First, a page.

Locksmith Company to Pay Over $250,000 in Penalties and Consumer Restitution
ATLANTA, GA – Attorney General Chris Carr today announced that locksmith company King David Business Services, LLC and its owner, Asher Uziel, (collectively “King David”), have entered into a settlement requiring them to pay $250,000 in civil penalties plus restitution to consumers who complained to the Attorney General, to resolve allegations that the company engaged in unfair and deceptive practices by, among other things, misrepresenting themselves as local businesses, misrepresenting their prices and misrepresenting the time within which the company would arrive to perform requested locksmith services.
“Misleading and taking advantage of Georgians in this way hurts both consumers and legitimate businesses,” said Attorney General Carr. “We will continue to hold bad actors who engage in this behavior accountable.”
King David, whose sole location is in Atlanta, Georgia, allegedly made numerous misrepresentations as to the number and locations of its offices via its web sites in order to give consumers the impression that they were contacting a local locksmith. The investigation by the Attorney General’s Consumer Protection Division revealed that the company had over 160 different websites, the vast majority of which contained geographic designations in the website name such as athenslocksmithpro.com, gainesvillelocksmiths.net, martinezlocksmith.org, rinconlocksmith.com, and stockbridgespeedylocksmiths.com. Many of these websites have been shut down since the beginning of this investigation. The company also listed many different phone numbers on its various websites, which were all forwarded to the Atlanta area.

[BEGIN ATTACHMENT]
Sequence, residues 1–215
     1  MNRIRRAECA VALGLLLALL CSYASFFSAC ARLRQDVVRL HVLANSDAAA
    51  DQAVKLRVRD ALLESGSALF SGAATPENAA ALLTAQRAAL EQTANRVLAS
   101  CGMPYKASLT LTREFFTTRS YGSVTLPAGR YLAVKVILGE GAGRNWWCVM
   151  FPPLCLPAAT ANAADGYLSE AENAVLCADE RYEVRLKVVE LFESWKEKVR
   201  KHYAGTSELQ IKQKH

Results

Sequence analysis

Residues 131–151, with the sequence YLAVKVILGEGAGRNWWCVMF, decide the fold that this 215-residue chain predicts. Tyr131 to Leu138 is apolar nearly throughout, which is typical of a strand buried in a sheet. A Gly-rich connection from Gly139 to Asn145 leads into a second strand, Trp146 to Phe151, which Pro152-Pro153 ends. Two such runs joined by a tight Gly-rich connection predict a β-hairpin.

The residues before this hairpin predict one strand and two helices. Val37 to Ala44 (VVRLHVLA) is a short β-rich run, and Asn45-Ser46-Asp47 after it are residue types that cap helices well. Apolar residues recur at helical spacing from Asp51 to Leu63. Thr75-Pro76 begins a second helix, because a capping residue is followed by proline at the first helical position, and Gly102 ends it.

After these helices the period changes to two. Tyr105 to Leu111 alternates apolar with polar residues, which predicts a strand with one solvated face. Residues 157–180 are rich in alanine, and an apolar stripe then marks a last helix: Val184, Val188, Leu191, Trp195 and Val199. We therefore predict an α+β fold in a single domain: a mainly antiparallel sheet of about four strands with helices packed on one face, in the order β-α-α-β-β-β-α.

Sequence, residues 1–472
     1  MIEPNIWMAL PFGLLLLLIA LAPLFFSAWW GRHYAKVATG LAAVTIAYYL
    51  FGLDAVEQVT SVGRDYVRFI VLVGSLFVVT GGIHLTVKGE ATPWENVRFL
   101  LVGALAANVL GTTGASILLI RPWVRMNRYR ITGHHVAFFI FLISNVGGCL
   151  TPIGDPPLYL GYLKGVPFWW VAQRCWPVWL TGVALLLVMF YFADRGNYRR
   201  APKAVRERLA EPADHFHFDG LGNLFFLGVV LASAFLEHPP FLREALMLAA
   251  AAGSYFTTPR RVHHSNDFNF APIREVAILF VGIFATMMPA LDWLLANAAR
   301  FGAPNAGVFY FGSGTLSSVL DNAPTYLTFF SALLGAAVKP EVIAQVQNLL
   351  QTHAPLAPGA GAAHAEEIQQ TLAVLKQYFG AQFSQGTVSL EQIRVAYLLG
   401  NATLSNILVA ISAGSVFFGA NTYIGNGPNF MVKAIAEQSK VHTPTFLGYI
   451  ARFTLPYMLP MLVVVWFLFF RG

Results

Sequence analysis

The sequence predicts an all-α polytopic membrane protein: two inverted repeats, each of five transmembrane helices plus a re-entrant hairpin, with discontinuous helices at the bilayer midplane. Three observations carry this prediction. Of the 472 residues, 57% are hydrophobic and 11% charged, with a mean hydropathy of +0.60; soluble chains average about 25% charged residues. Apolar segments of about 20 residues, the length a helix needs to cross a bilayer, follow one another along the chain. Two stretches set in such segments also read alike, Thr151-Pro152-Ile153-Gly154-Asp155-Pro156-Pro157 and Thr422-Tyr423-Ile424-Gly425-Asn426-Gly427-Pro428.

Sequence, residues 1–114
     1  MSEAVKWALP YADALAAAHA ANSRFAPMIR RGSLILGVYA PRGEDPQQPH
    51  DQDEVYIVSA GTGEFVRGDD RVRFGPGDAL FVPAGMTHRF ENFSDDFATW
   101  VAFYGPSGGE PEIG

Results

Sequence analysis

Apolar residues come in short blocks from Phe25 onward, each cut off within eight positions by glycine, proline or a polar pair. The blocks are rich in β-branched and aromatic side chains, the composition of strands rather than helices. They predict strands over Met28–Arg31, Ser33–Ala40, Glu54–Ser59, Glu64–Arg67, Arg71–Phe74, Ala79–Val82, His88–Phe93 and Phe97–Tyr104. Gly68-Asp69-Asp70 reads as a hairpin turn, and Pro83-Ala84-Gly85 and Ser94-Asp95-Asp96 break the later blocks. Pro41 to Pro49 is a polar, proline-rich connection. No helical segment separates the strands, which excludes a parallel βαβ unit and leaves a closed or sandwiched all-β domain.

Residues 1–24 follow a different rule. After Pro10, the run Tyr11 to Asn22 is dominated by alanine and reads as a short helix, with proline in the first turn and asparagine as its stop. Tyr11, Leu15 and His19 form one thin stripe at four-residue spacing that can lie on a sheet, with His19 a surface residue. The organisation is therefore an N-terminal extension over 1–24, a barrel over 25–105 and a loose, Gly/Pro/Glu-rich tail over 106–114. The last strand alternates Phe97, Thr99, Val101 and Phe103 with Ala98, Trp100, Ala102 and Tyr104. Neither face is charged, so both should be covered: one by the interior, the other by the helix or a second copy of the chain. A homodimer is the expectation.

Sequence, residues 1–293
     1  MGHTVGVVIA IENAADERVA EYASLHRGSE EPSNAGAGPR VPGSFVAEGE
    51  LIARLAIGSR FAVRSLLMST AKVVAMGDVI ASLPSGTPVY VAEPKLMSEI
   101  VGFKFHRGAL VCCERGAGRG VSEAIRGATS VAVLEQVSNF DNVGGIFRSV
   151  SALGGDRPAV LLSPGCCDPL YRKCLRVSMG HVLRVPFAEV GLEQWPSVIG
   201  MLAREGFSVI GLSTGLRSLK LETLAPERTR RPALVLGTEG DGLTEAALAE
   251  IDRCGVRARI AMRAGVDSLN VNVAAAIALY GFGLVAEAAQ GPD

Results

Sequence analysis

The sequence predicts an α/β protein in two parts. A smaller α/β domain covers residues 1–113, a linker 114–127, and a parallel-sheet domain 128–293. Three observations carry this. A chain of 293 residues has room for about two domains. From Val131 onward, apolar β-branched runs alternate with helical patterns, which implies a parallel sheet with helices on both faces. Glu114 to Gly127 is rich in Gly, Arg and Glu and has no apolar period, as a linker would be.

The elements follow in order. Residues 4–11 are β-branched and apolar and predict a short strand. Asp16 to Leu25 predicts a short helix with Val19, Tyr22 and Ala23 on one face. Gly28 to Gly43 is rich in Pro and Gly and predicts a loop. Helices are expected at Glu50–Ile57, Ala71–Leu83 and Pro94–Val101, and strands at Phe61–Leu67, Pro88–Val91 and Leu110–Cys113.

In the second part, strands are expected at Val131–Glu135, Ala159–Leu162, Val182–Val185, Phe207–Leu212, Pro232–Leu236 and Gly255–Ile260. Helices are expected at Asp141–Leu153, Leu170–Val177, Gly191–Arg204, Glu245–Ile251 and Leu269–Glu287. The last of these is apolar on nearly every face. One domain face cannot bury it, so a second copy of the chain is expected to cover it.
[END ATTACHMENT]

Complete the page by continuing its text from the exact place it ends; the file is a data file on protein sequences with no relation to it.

The company also allegedly advertised and quoted very competitive prices, but then failed to honor those prices or the discounts it advertised on its websites. Not until after a technician arrived and the service had been performed were customers allegedly informed that they owed significantly more than the price they had been quoted, sometimes more than double the amount. What’s more, King David allegedly claimed on its website that its employees were licensed, insured, bonded and certified and that the company was a member of the Associated Locksmiths of America, when such claims were not true.
The settlement requires King David to implement policies and procedures to ensure that it is in full compliance with the Georgia Fair Business Practices Act, as well as the other terms stipulated in the settlement. If, between now and June 30, 2024, King David and Mr. Uziel comply with all the terms of the settlement, the final $50,000 installment of the $250,000 civil penalty will be waived.